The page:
Don’t worry about anything;
instead, pray about everything.
• Philippians 4:6 (NLT)
• • •
My Evangelical Hangover
Praying for Stuff
Hi. I’m Mike and for a long time I lived and served in the world of evangelicalism. Now I practice my faith in the Lutheran tradition (the original “evangelicals”). But I’m talking about American Evangelicalism. I followed the path of others who “went into ministry” in the generation when “evangelicalism” became a thing here in the U.S.
I was “saved” in the Jesus movement, “discipled” in youth group, “equipped” in a non-denominational Bible college, “called” to be a pastor, “worshiped” to “Contemporary Christian Music (CCM),” further “equipped” in an evangelical seminary, and I served in non-denominational churches that emphasized a “church growth/church planting/discipling” model.
I’ve written about this many times here, and about why I eventually left the culture of evangelicalism. But you know the old saying about not being able to take the country out of the boy. I appreciate much of my evangelical heritage, but I also have plenty of “hangovers” from those days — angst and guilt and doubt and questions about whether I’m “following the Lord” in one area of my life or another.
The churches I attended and pastored were the kinds that had regular “prayer meetings” on the schedule. Usually Wednesday nights. A few persistent souls gathered to have a short devotional study (10% of the meeting), share “prayer requests” (80%), and pray intercessory prayers on behalf of those with needs (10%). When these meetings became less and less attended, there were always those who saw this as a sign of impending doom. People just weren’t committed to prayer anymore. Dagnabit.
We also had, or were encouraged to have, regular personal “devotions.” A meeting with God each day to hear him speak through the Bible and to speak to him in prayer. We were encouraged to keep our own “prayer lists” of intercessory needs to pray through regularly, from our own “walk with God” to our families to missionaries in the farthest flung places around the globe.
Praying was an integral part of my evangelical life, well, at least in the sense that we talked about it all the time and deemed it of utmost importance. How much actual praying we did is a mystery to me to this day.
One thing we often talked about with regard to our lives was making decisions. Life, of course, is filled with choices, and in the evangelical community a great premium was placed on getting those decisions right in a way that God would be pleased. And the pertinent question we always asked one another was: Have you prayed about it? We believed that God would provide providential guidance or specific biblical direction about almost any decision you can think of. One key sign of his leading was that the pray-er or group of pray-ers would feel “peace” about the decision.
I always struggled with this. I found prayer, though always practiced in a “spontaneous” and never a “liturgical” manner, to be formulaic, often shallow, unimaginative, and relentlessly repetitive. And there was a whole host of matters that I never felt comfortable praying about.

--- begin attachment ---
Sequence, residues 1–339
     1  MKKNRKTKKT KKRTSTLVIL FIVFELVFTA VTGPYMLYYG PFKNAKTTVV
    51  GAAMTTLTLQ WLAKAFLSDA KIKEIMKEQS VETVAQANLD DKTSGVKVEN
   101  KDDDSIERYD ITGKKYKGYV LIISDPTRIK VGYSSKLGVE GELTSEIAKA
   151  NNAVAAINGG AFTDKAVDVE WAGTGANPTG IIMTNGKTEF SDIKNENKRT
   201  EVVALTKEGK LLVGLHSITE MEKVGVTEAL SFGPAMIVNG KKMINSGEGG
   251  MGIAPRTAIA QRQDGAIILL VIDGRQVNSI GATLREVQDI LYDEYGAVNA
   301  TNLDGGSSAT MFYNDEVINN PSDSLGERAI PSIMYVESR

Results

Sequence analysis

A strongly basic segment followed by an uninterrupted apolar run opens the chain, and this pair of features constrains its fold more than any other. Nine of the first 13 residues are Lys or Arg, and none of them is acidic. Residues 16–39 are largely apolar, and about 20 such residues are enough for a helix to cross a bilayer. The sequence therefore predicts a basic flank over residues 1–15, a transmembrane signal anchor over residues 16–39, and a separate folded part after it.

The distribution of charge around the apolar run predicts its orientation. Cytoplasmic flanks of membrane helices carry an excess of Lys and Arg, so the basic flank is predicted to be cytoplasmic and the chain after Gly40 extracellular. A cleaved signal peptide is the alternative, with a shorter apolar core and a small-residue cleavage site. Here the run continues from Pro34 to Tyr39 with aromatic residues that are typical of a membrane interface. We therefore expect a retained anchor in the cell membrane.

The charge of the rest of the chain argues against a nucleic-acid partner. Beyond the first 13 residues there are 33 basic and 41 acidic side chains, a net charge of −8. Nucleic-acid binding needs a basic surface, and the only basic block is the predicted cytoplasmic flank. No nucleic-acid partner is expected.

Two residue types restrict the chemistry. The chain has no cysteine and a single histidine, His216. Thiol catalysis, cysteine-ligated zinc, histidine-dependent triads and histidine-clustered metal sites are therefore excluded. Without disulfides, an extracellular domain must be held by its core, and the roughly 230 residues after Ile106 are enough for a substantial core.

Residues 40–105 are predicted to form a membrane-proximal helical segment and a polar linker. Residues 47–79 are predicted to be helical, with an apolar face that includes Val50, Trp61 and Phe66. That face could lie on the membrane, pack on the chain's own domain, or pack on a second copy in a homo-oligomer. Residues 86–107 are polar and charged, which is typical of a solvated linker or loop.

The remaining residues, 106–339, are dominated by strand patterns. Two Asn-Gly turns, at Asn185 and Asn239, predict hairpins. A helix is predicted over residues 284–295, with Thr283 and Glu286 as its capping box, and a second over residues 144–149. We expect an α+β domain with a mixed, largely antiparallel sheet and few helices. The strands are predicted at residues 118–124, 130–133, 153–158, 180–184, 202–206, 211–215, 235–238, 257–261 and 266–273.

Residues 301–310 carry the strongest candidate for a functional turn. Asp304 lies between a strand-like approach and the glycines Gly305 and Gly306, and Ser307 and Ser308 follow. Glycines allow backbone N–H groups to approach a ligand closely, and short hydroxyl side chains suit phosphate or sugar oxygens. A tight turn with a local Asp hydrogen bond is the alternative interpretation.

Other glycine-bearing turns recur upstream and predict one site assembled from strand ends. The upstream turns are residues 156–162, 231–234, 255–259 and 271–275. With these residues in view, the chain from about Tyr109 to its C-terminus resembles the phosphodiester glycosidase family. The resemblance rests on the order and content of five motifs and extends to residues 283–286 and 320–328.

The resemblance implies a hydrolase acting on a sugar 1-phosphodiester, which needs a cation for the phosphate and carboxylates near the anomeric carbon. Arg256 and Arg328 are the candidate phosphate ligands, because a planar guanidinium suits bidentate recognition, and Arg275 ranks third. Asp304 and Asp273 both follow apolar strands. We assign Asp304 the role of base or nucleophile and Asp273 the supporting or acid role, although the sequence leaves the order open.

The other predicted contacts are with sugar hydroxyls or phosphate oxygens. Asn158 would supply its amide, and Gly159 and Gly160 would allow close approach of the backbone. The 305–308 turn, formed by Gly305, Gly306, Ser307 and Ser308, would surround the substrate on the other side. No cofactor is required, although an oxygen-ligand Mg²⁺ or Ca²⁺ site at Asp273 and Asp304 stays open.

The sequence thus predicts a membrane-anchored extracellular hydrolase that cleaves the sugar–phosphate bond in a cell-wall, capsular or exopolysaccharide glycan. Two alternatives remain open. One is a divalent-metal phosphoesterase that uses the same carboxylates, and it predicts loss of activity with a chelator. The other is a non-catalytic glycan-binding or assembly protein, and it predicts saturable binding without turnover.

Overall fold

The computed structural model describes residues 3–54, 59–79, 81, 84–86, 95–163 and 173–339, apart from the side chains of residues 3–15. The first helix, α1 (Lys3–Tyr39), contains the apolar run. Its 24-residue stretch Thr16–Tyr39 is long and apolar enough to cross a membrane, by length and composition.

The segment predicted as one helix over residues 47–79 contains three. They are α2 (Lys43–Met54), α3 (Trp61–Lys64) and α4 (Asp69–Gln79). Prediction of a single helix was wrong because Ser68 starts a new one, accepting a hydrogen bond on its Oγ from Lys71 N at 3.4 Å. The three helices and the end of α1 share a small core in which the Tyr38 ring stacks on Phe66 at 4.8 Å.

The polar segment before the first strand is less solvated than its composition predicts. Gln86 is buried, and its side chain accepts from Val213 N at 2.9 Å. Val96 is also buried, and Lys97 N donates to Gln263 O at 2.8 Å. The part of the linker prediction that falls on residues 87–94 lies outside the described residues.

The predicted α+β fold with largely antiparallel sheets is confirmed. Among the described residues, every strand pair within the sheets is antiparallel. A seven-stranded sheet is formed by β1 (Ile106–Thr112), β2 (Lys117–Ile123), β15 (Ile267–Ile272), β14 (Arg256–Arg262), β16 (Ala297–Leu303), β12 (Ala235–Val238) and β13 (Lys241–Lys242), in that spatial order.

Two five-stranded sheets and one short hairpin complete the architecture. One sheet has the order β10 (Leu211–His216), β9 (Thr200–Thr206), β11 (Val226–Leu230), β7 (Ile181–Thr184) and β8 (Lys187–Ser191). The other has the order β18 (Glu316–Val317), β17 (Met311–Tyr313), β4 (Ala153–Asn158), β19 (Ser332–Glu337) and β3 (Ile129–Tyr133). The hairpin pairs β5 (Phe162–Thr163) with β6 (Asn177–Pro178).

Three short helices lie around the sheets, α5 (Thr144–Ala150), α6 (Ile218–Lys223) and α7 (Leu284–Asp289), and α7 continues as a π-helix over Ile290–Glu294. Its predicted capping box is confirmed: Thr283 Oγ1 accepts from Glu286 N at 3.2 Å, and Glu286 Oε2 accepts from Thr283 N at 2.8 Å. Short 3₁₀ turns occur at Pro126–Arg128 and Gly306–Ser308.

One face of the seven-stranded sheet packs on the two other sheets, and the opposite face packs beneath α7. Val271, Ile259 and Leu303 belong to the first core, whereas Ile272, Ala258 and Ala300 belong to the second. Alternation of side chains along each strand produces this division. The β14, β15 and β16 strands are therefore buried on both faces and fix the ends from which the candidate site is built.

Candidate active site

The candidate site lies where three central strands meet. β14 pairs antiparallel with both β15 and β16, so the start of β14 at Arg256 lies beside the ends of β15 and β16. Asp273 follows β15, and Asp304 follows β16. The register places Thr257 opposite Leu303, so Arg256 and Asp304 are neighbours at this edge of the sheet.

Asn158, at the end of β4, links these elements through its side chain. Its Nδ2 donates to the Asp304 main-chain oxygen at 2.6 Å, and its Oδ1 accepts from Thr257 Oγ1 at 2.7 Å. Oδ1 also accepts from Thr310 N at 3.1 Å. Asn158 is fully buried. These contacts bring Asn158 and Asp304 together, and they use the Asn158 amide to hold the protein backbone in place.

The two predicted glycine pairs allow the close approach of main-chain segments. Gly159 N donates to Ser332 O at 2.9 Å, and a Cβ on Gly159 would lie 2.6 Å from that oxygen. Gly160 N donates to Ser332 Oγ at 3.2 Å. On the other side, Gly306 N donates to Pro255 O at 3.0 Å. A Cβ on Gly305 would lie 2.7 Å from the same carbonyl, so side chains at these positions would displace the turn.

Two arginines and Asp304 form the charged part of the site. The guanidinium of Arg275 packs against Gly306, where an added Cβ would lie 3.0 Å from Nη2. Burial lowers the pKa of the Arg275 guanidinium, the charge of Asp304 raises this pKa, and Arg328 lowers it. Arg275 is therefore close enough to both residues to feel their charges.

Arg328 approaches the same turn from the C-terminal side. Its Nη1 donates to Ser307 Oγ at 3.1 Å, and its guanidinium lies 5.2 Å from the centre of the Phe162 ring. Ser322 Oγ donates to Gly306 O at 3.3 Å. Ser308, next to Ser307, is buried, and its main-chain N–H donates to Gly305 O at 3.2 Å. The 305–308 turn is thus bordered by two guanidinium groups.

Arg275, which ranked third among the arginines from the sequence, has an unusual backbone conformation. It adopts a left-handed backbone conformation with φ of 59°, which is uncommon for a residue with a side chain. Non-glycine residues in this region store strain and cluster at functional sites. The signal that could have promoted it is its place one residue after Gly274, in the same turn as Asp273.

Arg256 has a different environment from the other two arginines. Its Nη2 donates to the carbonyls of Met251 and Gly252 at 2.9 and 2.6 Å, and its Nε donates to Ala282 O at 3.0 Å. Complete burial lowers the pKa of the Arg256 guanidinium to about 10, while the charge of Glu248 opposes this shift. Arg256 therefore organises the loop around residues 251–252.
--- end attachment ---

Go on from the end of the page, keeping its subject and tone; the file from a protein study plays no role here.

Which brings me to my hangover today. For those of you who don’t know, we are in the process of trying to sell our house and relocate nearby. I won’t bore you with the details, but let me just say it’s a season of life decision. If we’re going to make a move, this would be a good time in our life to do it. At least the way we see it.
But throughout this process I’ve felt guilty. I haven’t prayed about this. In fact, I can’t make myself pray about this or encourage my wife to sit down with me and devote time to praying together about it. I don’t think it’s appropriate to ask others to pray about this.
In fact, if you pressed me I would probably tell you I don’t think God really cares a fig about this situation. I can’t imagine that God is really concerned about whether we live here or there.
Also, frankly, it’s about as “First World” a problem as I can envision. I can’t define moving as a “need.” Either place would seem like a palace for 80%+ of the world’s population. Our needs would be far more than met in either location.
I don’t know what I would ask God if I did commit the matter to prayer. God, please help us sell our house (for a good price)? God, please help us get this new house (for a good price)? That seems a bit self-indulgent, doesn’t it? A bit like a spoiled child asking for another toy or a bit more candy. God, search my heart and help me know if I’m doing this for the right motives? What motives would those be? We’re just doing what millions of others do — trying to find a place we like that might be well suited for us and our family in the years to come.
Isn’t something like this just a matter of responsibility, stewardship, and common sense wisdom? Is it something that must be prayed about? What would I be trying to do by praying, get God to sign off on it? Get God to “bless” us with what we want? Seek God’s “favor” on our decisions? Do I think God might actually tell me, “Yes, sell this house,” or “No, don’t buy this house?” Seems like a waste of breath and a waste of God’s time.
But I have this evangelical hangover. There’s a voice pounding in my head over and over:
“Have you prayed about it?”